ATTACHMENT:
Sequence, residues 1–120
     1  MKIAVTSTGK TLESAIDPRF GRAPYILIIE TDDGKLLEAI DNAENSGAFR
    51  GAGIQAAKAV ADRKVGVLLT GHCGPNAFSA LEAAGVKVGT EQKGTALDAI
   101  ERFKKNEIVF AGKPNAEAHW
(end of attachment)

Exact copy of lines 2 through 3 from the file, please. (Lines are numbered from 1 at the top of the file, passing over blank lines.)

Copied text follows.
     1  MKIAVTSTGK TLESAIDPRF GRAPYILIIE TDDGKLLEAI DNAENSGAFR
    51  GAGIQAAKAV ADRKVGVLLT GHCGPNAFSA LEAAGVKVGT EQKGTALDAI